Many of the annual and vegetable plants at the Denver Botanic Gardens are at their peak right now, and looking amazing. This photo of an artichoke plant in bloom was captured in the garden’s Potager Garden area. Artichokes are typically known as a food crop, with several cultivars grown worldwide, but many horticulturalists like to grow it as an interesting ornamental plant. Their large leaves and spiky flowers add a wonderful sculptural form to the garden. It is my understanding that on a typical artichoke farm, the flower buds are harvested and sent to market well before they open. In these photos we see that the flowers have been allowed to open, providing a stunning display for garden visitors.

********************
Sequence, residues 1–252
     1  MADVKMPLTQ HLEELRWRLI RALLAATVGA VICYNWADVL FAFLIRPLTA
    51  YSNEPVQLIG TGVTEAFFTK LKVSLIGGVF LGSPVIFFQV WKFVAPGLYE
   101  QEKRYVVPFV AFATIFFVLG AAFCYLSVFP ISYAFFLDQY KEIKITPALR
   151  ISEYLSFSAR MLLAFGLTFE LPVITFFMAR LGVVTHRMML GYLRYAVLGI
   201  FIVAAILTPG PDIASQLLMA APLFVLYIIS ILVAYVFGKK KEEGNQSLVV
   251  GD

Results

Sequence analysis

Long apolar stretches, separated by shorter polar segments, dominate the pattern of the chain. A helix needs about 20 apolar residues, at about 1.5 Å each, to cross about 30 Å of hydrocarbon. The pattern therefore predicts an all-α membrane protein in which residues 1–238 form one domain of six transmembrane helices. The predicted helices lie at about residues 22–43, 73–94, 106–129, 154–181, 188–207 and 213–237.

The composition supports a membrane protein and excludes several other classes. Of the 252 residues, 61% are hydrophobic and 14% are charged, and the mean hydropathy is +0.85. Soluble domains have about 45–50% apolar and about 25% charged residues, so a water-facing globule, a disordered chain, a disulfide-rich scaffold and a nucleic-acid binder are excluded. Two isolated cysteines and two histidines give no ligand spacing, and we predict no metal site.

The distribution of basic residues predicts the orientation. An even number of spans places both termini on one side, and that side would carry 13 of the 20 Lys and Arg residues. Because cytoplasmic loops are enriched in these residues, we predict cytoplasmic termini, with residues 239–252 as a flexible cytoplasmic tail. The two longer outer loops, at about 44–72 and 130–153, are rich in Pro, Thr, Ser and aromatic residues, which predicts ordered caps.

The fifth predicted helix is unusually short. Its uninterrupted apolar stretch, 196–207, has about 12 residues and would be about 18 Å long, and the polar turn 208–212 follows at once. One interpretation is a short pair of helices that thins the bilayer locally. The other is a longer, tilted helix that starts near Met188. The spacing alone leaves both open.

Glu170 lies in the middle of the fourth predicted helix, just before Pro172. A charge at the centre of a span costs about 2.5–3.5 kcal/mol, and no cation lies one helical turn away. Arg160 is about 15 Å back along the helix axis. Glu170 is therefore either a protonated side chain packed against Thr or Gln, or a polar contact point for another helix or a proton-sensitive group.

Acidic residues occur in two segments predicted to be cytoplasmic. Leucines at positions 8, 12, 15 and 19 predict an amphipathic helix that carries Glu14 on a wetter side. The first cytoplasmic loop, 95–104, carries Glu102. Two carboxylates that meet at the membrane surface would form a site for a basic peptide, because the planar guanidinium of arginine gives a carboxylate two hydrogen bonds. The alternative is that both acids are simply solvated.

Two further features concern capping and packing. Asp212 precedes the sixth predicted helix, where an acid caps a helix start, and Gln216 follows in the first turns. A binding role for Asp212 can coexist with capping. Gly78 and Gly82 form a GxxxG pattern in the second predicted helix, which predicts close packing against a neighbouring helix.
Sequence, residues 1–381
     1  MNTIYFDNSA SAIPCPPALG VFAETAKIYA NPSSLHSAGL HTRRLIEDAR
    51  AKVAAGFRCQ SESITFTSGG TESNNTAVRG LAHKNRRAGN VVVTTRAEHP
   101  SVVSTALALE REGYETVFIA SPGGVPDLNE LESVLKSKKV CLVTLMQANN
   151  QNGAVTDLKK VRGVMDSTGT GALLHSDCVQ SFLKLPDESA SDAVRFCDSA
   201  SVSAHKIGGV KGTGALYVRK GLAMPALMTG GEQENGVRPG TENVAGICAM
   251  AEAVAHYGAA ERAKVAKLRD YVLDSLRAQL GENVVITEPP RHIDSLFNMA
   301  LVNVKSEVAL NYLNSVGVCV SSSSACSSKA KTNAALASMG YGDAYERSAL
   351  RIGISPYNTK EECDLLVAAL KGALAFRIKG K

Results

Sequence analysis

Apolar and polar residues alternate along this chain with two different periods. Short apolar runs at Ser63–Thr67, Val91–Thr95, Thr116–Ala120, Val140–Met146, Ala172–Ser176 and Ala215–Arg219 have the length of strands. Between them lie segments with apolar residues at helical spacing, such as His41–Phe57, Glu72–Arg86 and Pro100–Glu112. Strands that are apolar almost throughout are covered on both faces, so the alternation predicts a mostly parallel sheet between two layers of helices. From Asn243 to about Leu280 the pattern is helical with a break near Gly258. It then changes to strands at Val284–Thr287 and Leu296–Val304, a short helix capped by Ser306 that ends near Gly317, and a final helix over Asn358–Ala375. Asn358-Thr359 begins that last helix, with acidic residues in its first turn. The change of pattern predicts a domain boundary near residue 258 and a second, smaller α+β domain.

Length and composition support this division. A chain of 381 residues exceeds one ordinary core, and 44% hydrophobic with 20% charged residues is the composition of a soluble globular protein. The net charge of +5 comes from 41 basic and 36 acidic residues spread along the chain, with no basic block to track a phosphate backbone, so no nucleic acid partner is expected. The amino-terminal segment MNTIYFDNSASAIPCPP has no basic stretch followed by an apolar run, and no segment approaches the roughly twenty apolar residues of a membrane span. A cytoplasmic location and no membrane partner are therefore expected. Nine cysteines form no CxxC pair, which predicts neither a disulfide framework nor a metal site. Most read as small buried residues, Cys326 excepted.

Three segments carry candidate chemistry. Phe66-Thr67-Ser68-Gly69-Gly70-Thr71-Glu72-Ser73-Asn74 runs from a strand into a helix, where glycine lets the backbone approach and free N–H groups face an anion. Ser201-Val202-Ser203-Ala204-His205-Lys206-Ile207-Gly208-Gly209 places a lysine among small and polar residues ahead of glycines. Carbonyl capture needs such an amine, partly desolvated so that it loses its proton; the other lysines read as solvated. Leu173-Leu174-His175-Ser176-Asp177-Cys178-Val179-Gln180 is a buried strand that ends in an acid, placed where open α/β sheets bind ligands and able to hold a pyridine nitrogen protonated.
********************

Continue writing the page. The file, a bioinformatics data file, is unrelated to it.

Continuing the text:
Artichokes look a lot like thistles. And it turns out, artichokes are indeed related to thistles, with both plants being members of the very large family of plants that botanists call the Asteraceae.
The historical record holds that artichoke cultivation as a food goes back as far as ancient Greek and Roman times. It is likely that the Greeks brought artichoke cultivation to Italy. Some historians posit that cultivation of artichokes was further developed and improved upon in medieval Muslim Spain. The name artichoke can be traced to the medieval Arabic term “ardi shawki“.
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